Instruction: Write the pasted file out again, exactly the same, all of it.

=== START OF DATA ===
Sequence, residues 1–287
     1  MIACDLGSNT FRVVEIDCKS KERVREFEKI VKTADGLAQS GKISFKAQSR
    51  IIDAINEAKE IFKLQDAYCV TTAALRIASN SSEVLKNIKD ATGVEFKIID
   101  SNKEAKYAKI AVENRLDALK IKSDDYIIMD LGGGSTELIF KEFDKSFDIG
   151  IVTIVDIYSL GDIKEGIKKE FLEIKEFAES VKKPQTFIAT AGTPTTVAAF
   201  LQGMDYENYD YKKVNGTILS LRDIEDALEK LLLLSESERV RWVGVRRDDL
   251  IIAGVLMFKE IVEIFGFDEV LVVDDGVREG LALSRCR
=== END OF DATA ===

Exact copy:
Sequence, residues 1–287
     1  MIACDLGSNT FRVVEIDCKS KERVREFEKI VKTADGLAQS GKISFKAQSR
    51  IIDAINEAKE IFKLQDAYCV TTAALRIASN SSEVLKNIKD ATGVEFKIID
   101  SNKEAKYAKI AVENRLDALK IKSDDYIIMD LGGGSTELIF KEFDKSFDIG
   151  IVTIVDIYSL GDIKEGIKKE FLEIKEFAES VKKPQTFIAT AGTPTTVAAF
   201  LQGMDYENYD YKKVNGTILS LRDIEDALEK LLLLSESERV RWVGVRRDDL
   251  IIAGVLMFKE IVEIFGFDEV LVVDDGVREG LALSRCR